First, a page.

It was pretty good. Some things were condensed pretty nicely. Harry's unbearable, PMSy teen angst thing was toned down sufficiently. I still don't like the look of the "new" Dumbledore, who looks like a crazy grandmother with a ZZ Top beard. Gary Oldman made Sirius Black WAY more attractive to me as a character than he had been in the books, and that was good. I especially loved the use of flashbacks in the film.

My biggest grievance with the film was the underwhelming scene in which the Weasley Twins depart from school. In the book, that scene was a very triumphant one, where the twins give Umbridge the wizard version of the Unidigital Salute and depart making her life a nightmare. In the film it was just...there. That was a letdown. I didn't like the CGI-ed Grawp, who looked RIDICULOUSLY cartoonish. (Much like Lupin's werewolf in #3, who looked like a rabid greyhound with a pituitary condition.)

Also, the duel between Dumbledore and Voldemort was not at all like I visualized it. In the film, we see Dumbledore having to struggle in the duel, while in the book, he is far more serene.

Still, I give it a B+.

Now you know.


Posted by Joke at 10:46 AM 9 comments

Saturday, July 14, 2007

Be prepared!

There is nothing learned quite the same way than "lessons learned the hard way."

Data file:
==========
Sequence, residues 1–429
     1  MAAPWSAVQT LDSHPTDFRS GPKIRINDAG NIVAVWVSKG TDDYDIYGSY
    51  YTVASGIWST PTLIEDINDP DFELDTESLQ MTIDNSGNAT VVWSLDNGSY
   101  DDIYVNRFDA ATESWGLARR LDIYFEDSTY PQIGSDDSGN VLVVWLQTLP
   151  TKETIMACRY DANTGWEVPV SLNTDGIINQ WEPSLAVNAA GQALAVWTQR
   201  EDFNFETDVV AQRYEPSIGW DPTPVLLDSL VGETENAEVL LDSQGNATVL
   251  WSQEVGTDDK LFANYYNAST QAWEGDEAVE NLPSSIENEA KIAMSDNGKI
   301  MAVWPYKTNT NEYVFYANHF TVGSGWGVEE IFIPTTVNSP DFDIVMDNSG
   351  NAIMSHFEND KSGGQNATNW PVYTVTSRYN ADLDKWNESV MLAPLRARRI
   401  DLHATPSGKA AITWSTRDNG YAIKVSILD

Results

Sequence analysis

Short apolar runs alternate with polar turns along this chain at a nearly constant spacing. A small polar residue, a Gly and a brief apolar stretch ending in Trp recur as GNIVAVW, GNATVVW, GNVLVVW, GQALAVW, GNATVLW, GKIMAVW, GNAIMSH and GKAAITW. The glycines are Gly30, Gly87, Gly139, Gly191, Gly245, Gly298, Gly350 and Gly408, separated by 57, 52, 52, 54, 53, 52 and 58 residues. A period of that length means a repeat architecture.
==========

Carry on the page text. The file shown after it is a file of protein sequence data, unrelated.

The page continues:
I'm casually traipsing through the aisles of an edibles emporium I quite like even though it's rather far, but since I had to be over that way for a client, I took the small detour. Of course, I happen upon a GORGEOUS full rib roast. On sale. $5.XX/lb. Of course, I have a horrific rush hour traffic jam staring at me and standing in traffic for what would likely be two hours (and very possibly three) with a huge lump of unrefrigerated cow doesn't appeal to me.

So I had to let it go.

LESSON: Take a decent sized cooler and put it in the trunk of the car. Because you never know.


Posted by Joke at 1:10 AM 9 comments

Friday, July 13, 2007

Embarrassing as it may be to admit.

Those damned HarryPotterTM goody bags came out great. I thought it especially clever to conscript the underage contingent to do the actual stencil-work...thereby freeing me therefrom.

NOS came up with some funny additions (i.e. a "packing list" from "Weasley's Wizarding Wheezes") and all sorts of stuff. He is quite eager for this event to launch off. Not all of his friends are THIS crazy about HarryPotterTM, but most of them like it well enough. So that's good.

In another twist that serves as a monument to my spectacular (if erratically intermittent) cleverness, I purposefully omitted the "where" on the invitation. I only specified the time and the phone number via which guests might R.s.v.p.

That's it.

"Why is this so damnably clever?" I hear you ask?

Well, since people are so abominably mannered that they show up without R.s.v.p.-ing these days, I wanted to leave them no option but to R.s.v.p. otherwise they'd have no idea where to be at the appointed hour. That is, they had to call to ask "Um, where are we going for the HarryPotterTM film?"

Oh, I smirked freely over this.